Text taken from http://www.newadvent.org/cathen/01005a.htm.

Since I know I want to do a church in this game world with two separate and divided arms, one will refer to the afterlife as Abaddon and the other refers to it as Apollyon. Asmodeus does not appear in my dictionary, but he's a great demon so he's in the story now too. In fact, he just moved to the head of the class.

Since he's a demon (CE) of impurity, he's goal is to defile and tempt the souls of the living. Since I can see the name ayatollah on this list, I know one of the church's sects will be more Turkish or Persian in concept. Which means they will be into cleanliness of body and mind more than the other. Asmodeus has just come a very important demon to these guys.

Now, this game world is going to be set circa 1000 A.D. in a land much like Yugoslavia. Which gives us all kinds of room for various cultures, languages, myth, and everything else. But, we're not there yet. Bear with me.

The Catholic church has already done the work of mistranslating Abaddon for us. Which means we have a great dynamic of words and culture to draw upon for this game world. Since the Vulgate is such a cool name for a book, we're going to keep it and say that the more Catholic of the church factions (it hasn't been designed yet) thinks of Apollyon as a place and a thing, and the arm thinks of Abaddon as a place and Asmodeus as one of many demons.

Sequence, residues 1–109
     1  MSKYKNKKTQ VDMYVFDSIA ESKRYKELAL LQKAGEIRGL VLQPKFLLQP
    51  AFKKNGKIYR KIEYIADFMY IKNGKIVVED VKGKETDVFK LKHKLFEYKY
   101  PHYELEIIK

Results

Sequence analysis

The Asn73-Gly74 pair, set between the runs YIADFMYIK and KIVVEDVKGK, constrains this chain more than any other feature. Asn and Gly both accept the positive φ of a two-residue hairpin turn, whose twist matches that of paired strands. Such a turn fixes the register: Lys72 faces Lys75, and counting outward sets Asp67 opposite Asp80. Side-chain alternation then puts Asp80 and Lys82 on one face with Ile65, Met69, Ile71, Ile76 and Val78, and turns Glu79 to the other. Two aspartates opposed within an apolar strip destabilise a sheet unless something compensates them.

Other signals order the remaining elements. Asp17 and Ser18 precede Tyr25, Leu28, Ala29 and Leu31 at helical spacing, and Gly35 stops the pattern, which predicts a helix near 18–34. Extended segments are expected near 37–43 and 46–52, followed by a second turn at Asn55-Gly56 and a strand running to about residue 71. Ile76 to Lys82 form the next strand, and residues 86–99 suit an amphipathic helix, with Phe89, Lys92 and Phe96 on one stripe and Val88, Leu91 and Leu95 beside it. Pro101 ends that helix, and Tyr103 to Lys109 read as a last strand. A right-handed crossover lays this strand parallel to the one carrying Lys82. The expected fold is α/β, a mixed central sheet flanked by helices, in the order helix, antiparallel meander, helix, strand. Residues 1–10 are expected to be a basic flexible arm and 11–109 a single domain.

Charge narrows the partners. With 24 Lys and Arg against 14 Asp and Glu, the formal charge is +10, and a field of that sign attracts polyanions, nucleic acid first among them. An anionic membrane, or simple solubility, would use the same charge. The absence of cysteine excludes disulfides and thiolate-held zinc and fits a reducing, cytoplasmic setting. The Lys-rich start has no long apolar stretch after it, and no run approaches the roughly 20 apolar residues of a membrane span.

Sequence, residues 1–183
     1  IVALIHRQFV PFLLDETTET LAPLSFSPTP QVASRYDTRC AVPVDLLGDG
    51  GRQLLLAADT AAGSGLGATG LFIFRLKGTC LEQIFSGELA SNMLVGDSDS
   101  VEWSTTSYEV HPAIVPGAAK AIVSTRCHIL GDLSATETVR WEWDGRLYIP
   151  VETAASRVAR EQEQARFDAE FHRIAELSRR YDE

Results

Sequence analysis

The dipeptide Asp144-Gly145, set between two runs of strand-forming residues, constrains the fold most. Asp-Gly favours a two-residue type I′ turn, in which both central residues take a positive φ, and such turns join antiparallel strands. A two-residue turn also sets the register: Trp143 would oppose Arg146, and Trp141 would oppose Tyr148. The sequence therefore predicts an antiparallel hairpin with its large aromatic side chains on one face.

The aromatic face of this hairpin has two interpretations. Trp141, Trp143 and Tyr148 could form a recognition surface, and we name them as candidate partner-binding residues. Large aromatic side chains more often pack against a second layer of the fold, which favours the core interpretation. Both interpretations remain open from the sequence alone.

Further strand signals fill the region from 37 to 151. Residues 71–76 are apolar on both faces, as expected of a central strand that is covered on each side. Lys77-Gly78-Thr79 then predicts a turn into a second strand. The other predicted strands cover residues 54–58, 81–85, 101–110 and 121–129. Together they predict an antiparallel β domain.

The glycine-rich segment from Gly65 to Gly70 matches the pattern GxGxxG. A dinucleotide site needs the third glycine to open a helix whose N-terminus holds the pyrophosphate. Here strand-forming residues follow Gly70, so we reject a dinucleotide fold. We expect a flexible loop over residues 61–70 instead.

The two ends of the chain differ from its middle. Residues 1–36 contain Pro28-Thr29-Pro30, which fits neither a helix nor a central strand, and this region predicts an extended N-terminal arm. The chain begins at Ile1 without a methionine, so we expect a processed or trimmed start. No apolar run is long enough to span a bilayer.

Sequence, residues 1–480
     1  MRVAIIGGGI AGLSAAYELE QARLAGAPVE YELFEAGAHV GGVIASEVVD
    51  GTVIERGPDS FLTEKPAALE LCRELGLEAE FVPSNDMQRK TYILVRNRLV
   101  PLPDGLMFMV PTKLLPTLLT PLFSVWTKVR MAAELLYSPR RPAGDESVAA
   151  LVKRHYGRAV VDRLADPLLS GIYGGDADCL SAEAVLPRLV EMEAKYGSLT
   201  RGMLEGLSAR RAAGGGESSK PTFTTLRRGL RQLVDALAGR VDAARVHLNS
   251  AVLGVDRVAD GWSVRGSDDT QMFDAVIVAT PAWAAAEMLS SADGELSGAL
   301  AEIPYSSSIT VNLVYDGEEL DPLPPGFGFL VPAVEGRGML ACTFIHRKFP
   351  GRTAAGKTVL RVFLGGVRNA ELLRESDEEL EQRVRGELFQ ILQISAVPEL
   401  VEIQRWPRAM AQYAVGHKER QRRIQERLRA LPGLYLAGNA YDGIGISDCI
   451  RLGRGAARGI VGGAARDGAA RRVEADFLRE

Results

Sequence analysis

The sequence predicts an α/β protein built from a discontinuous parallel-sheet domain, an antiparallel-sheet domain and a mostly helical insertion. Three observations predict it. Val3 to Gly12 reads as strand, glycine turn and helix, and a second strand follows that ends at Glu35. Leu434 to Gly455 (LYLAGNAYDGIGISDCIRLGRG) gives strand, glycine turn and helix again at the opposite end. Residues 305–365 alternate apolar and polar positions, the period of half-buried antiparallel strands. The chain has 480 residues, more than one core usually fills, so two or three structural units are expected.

Perhaps the factions were fractured some time ago. Which means, they worship the same god and basically oppose the same evil in the world, but they don't always agree. Monster races will have their own gods as well, but to keep things easy for the DM (because pantheon design sucks), we're going to stick with a single evil for the world and the other races will have different names for the same general thing (although dwarves may have their own ideas).

"Themes B" might be a good time to name the church, god, and factions, as well. There's a lot of ideas there, which we'll investigate in future chapters.

artwork by christi smith hayden; copyright visonary games;
used without permission of any kind; see sabledrake.com for more

Apollyon, in early Christian literature, is a name for the devil.
He is identified as an angel of death,
"hideous to behold, with scales like a fish,
wings like a dragon, bear's feet, and a lion's mouth."
Which this picture is most definately not.

While we're still talking about religion, let's use the words antenicene and arbiter. Antenicene refers to an era, before the first council of Nice, held in 325 A.D. We now a third faction of orthodox catholics that believe in the old scriptures and the time before a great event. Twisting this council meeting of 325 into a gaming event, it becomes a time of great scholars, enlightening priests, bishops and the like coming together.